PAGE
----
Economic Historian, Columbia University
PATRON EVENT: The Cost of COVID-19: Assessing The Global Economic Fallout
About the Topic
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On March 11th the World Health Organization declared COVID-19 a pandemic, unleashing an economic tsunami. For the first time since World War II, notes Professor Adam Tooze, the entire global economic system contracted as governments battled the metastasizing public health menace. Flights were grounded; supply chains broken; industries from tourism to oil to hospitality collapsed overnight, leaving millions unemployed. Stock markets fell faster and harder than at any time since 1929. Central banks responded with unprecedented interventions, just to keep their economies on life-support. With the pandemic uncontained, what are the challenges for debt-burdened economies? Are international monetary institutions equipped to help in meaningful ways? What lessons from the Great Recession, 2007-2009, might be applied today?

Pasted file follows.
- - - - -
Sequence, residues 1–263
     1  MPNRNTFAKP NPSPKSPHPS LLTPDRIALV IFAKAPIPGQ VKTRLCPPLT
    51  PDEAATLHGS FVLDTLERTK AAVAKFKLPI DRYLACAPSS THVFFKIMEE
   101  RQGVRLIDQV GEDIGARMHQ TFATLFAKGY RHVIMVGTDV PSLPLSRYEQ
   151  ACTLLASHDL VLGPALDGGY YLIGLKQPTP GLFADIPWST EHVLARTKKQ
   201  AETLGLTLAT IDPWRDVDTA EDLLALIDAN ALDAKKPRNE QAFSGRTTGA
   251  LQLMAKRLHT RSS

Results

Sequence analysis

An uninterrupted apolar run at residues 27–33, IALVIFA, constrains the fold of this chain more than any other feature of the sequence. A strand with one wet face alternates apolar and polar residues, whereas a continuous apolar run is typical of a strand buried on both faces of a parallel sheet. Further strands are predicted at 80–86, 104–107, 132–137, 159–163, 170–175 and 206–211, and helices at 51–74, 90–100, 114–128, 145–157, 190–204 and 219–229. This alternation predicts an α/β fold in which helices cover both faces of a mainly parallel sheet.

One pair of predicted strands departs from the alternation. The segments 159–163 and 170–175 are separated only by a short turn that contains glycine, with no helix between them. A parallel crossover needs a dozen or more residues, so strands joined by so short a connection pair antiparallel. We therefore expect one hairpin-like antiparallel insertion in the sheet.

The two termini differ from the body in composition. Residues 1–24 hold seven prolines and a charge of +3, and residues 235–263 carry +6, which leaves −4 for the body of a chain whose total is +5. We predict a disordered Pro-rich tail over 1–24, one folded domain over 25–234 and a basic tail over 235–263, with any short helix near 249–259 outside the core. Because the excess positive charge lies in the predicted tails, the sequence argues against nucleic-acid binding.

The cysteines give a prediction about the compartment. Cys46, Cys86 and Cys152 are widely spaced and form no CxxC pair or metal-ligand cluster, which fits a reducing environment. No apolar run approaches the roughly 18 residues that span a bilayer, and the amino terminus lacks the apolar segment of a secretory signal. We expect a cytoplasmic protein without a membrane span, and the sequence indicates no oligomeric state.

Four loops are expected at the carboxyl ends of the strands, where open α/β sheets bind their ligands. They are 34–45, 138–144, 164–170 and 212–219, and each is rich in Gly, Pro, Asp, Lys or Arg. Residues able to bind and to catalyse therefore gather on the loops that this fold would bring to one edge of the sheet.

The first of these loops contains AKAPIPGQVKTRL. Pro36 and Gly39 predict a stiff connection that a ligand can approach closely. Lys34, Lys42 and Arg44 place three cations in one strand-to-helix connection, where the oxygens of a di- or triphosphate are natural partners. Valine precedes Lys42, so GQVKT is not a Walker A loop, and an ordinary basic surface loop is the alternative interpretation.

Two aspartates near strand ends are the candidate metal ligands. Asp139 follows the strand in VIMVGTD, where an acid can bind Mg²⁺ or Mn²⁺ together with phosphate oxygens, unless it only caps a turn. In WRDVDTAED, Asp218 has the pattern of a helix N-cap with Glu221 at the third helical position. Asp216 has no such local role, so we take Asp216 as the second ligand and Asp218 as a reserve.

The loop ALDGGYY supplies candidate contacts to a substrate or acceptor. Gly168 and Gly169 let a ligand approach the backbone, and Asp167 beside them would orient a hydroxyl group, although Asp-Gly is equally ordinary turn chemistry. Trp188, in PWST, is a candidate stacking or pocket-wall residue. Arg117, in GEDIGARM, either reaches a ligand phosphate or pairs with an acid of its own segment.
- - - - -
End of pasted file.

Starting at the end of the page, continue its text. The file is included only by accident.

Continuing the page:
About the Speaker
British economic historian Adam Tooze teaches at Columbia University and serves as Director of the European Institute. His work has ranged from 20th-century German economic history to the 2008 global recession. Also a columnist, editor, and author, Tooze most recently published Crashed: How A Decade of Financial Crises Changed the World (2018). He is now working on Lockdown: The Economic History of the COVID Crisis ( 2021). Last year, Foreign Policy Magazine named Tooze “one of the top global thinkers of the decade.” He tweets @adam_tooze.